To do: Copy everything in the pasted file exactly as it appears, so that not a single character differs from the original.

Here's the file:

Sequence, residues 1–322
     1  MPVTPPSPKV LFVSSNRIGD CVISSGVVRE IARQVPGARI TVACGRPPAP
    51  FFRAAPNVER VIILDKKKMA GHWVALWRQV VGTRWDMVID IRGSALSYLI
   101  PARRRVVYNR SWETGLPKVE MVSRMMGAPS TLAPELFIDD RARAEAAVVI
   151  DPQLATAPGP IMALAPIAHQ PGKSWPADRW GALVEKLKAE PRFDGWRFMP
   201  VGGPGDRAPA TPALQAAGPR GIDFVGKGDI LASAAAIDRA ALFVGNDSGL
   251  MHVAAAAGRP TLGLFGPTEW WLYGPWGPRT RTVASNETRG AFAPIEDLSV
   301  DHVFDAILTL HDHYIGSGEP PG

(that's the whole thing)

Sequence, residues 1–322
     1  MPVTPPSPKV LFVSSNRIGD CVISSGVVRE IARQVPGARI TVACGRPPAP
    51  FFRAAPNVER VIILDKKKMA GHWVALWRQV VGTRWDMVID IRGSALSYLI
   101  PARRRVVYNR SWETGLPKVE MVSRMMGAPS TLAPELFIDD RARAEAAVVI
   151  DPQLATAPGP IMALAPIAHQ PGKSWPADRW GALVEKLKAE PRFDGWRFMP
   201  VGGPGDRAPA TPALQAAGPR GIDFVGKGDI LASAAAIDRA ALFVGNDSGL
   251  MHVAAAAGRP TLGLFGPTEW WLYGPWGPRT RTVASNETRG AFAPIEDLSV
   301  DHVFDAILTL HDHYIGSGEP PG